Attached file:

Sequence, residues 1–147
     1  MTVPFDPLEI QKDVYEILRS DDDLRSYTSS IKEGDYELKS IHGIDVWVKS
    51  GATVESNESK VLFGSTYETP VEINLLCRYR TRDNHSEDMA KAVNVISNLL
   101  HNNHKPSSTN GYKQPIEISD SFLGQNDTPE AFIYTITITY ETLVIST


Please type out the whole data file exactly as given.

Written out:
Sequence, residues 1–147
     1  MTVPFDPLEI QKDVYEILRS DDDLRSYTSS IKEGDYELKS IHGIDVWVKS
    51  GATVESNESK VLFGSTYETP VEINLLCRYR TRDNHSEDMA KAVNVISNLL
   101  HNNHKPSSTN GYKQPIEISD SFLGQNDTPE AFIYTITITY ETLVIST